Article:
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Food for the stomach and the soul too


IN THE way of ambience, decor or what-have-you, any number of posh restaurants in town boast a USP (unique selling proposition, marketing jargon for something special to offer that no one else has). But what makes A Pinch of Jazz in the Central Court Hotel (Manipal Centre, Dickenson Road) unique is that its USP is, as its name gives away, jazz music - and not just a pinch of it!

Jazz, both recorded and live, has been on the menu (free, unless you count the cover charge which is set off against your actual bill for food and drink) ever since the restaurant started off a few years ago. Not only is jazz played by the in-house band four to six evenings a week, from 8.30 to 10.30 or later, but when the band isn't playing there's recorded jazz from a good selection of CDs.

And jazz features in the decor, too. There are large and small photos of the jazz pantheon, from Duke Ellington to Miles Davis, all over the walls and pillars. Open the menu and you find a couple of pages of stamp-size photos with thumbnail sketches of, once again, the giants of jazz.

The in-house band has been changing over the years, from Gerard Machado to S. Raman. The current incumbents, a tightly knit swinging quartet, are led by Dominic Saldanha on tenor saxophone. They offer a mix, in equal parts, of pop hits played in jazz style and authentic jazz classics, with the diners getting the opportunity to tilt the balance either way with requests.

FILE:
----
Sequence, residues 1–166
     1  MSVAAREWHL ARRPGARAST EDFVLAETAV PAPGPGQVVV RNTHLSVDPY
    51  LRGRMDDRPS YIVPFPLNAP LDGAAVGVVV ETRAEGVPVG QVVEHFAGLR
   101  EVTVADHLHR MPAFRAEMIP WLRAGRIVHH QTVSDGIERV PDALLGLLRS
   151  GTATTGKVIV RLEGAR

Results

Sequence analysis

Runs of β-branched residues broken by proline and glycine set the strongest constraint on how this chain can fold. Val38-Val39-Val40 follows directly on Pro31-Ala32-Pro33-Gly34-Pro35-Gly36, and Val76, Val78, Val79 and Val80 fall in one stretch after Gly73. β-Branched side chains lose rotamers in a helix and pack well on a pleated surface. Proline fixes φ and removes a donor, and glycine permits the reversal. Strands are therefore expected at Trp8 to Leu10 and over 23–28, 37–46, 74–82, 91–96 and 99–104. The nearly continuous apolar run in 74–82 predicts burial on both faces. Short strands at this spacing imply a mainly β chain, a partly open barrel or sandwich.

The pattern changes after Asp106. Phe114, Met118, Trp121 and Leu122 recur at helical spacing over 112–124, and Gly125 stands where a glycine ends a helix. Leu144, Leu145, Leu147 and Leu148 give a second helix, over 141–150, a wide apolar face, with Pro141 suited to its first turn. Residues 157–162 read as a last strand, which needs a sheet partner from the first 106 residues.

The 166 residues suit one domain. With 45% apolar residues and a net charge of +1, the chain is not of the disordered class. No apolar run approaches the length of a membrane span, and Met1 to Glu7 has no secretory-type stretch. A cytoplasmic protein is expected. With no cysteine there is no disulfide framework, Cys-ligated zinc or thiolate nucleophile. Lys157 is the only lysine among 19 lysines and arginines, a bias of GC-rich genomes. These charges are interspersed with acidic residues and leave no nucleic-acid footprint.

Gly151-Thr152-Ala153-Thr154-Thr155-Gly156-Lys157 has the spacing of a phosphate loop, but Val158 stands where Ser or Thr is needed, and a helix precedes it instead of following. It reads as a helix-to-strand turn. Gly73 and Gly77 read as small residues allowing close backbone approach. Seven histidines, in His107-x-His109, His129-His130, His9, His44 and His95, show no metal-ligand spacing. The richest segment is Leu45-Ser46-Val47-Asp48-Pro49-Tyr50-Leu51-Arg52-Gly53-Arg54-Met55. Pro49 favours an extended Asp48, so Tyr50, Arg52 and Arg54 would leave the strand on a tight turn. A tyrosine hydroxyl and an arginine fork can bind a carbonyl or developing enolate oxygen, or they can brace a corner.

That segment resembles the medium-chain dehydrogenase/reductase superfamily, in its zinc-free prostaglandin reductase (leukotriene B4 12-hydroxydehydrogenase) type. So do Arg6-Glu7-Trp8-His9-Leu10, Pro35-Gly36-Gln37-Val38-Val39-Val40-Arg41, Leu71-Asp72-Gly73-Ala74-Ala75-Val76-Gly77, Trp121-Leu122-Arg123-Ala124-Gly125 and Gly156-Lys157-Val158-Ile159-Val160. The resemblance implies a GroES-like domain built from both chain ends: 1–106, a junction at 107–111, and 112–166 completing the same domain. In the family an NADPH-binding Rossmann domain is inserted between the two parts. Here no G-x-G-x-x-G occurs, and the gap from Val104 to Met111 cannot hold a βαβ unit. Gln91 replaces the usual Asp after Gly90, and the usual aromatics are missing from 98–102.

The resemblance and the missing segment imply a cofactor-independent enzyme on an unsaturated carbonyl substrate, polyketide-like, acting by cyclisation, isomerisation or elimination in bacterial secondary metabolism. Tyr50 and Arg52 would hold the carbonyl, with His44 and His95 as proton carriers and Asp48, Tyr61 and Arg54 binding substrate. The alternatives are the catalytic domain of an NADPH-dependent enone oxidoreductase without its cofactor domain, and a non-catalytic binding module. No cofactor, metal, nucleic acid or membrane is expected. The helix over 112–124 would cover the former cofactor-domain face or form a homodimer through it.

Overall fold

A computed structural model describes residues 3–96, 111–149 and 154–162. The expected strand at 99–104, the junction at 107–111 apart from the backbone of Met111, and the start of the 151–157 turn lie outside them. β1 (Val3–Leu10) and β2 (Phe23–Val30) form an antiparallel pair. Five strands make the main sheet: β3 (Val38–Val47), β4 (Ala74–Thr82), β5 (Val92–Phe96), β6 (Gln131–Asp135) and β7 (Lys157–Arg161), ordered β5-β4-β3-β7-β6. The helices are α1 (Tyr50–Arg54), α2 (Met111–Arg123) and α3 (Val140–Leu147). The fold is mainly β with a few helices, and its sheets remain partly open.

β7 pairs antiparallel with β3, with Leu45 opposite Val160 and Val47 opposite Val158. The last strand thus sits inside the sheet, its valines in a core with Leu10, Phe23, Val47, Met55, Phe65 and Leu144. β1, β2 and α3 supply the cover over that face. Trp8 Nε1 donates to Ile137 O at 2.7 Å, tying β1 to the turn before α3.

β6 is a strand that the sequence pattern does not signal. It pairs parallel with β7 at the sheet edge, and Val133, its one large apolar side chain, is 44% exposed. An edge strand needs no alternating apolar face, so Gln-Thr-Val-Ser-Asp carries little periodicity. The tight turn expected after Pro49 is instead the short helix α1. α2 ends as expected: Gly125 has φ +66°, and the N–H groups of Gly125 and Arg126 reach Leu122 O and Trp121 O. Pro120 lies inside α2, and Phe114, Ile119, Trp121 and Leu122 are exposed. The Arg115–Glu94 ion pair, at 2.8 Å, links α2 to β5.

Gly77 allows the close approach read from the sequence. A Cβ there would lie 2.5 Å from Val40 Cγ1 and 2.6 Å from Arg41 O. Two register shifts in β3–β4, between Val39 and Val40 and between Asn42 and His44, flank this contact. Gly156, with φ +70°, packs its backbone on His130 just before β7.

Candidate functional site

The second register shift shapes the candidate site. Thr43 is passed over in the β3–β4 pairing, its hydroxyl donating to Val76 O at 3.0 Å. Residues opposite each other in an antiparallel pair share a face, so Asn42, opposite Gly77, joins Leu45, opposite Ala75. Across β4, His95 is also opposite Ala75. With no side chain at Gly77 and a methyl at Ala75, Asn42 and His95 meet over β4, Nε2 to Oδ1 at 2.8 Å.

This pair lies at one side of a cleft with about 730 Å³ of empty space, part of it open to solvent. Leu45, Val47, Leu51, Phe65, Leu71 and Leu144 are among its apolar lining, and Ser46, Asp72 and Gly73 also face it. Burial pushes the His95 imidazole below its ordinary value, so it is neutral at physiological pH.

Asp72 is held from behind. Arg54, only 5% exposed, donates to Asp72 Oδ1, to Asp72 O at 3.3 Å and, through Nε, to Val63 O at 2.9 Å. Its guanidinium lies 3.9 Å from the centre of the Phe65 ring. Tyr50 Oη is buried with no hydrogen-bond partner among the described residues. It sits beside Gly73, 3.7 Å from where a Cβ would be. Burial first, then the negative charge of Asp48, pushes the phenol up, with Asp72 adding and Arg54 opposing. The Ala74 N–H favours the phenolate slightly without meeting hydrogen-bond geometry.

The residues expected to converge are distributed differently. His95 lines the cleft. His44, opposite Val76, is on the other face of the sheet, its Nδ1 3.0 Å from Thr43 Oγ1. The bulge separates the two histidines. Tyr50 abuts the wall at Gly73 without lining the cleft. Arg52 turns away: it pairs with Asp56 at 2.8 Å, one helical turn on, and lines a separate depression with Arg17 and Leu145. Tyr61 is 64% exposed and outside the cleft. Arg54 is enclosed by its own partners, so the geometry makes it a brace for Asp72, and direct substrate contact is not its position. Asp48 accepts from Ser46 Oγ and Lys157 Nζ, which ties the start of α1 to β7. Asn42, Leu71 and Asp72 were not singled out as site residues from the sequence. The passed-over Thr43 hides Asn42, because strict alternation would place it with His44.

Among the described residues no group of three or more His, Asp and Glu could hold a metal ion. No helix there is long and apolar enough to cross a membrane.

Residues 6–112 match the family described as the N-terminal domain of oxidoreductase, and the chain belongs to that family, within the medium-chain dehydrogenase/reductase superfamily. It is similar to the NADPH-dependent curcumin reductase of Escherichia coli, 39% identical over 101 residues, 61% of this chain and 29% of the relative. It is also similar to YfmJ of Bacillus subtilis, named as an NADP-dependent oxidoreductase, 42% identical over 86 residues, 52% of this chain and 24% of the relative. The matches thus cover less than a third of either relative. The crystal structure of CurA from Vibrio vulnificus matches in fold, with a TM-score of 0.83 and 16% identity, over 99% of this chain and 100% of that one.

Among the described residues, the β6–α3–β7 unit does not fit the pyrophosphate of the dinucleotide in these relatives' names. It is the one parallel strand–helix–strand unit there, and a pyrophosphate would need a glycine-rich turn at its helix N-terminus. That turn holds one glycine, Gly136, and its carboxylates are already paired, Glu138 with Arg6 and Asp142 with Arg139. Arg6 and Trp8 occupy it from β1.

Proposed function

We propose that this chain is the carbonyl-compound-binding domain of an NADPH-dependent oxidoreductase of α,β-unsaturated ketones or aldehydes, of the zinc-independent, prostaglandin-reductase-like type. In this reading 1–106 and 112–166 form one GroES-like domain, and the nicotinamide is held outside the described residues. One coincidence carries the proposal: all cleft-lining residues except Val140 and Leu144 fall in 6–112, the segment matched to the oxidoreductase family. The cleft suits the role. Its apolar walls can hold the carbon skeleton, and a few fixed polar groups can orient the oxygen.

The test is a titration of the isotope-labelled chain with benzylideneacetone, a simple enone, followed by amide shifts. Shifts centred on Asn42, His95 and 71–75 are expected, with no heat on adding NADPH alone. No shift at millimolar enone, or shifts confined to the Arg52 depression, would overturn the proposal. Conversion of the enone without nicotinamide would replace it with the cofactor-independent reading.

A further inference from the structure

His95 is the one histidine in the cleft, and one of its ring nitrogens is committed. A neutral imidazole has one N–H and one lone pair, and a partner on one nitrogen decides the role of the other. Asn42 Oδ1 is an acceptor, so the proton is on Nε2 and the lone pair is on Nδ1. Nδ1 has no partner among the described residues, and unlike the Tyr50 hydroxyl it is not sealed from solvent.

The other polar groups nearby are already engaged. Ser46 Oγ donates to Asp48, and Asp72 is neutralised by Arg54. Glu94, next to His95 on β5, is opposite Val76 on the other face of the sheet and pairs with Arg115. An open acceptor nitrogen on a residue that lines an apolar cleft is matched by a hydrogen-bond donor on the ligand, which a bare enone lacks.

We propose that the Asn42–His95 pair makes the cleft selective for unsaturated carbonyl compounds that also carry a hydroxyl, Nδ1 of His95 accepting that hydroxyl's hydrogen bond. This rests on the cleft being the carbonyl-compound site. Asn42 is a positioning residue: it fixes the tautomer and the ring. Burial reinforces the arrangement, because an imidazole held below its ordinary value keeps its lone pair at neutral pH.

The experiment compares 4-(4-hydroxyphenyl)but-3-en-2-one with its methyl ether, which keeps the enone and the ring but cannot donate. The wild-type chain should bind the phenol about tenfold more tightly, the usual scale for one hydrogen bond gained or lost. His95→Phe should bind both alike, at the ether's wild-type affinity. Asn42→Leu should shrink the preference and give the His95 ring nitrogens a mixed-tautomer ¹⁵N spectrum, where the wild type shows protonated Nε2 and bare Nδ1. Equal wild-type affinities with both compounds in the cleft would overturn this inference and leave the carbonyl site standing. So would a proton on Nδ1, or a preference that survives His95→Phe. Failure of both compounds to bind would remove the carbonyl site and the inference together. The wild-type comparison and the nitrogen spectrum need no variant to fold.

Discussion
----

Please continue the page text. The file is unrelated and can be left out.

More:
Manager Sam Joseph and his team, the kitchen section of which is led by the chef Sidney, are courteous, unobtrusive and soft-spoken. Sam and Sidney were on hand to offer their recommendations when we went in, then left assistants to take over as they went off duty soon after we came in - in time to hear the band starting up.

We plumped for orange juice to wet our whistles before getting down to mushroom tokaz as a starter. These are button mushroom cups with a spiked cheese filling, crumb-fried and served with jalapeno tartar sauce.

The Pinch of Jazz menu offers a wide variety of cuisine, from Western to Chinese and Indian dishes, but the house speciality is Cajun cooking (from the French-speaking community that migrated from Eastern Canada to Lousiana). Two Cajun dishes recommended for the main course were jambalaya and Cajun grilled chicken.

Both have been eaten by some friends of mine on previous, quite satisfying, visits to the restaurant. Jambalaya is immortalised in a rollicking pop song of the '50s, which starts "Jambalaya, cod-fish fry...'' and goes on to declare "Son of a gun, we'll have great fun on the bayou." It's a mixture of cooked rice with seafood or chicken with seasoning. The restaurant offers a vegetarian version for this and many other dishes.

On this occasion we chose other recommendations from the menu. Peter Pan's fish (there's no veg version!) is fish fillets stuffed with fish farci, pan fried and served with dill cream sauce. Creole potato shells (only a veg version), consists of potato skins stuffed with a pot-pourri of vegetables and cheese, gratinated and served with hot sauce. The general verdict was that both were good, although the fish was on the spicy side, with chillis. Both were quite filling too, at least for the not very big eaters on this occasion.

There's always room for a dessert even if one's been struggling through the main course. On this occasion, mango cheese cake and gin and pistachio mousse were the choice, with happy results.

Go for it for either the food or the jazz or both. Chances are you'll come away satisfied on one or both counts.

You can call them on 5584242/5580550.

JAZZEBEL

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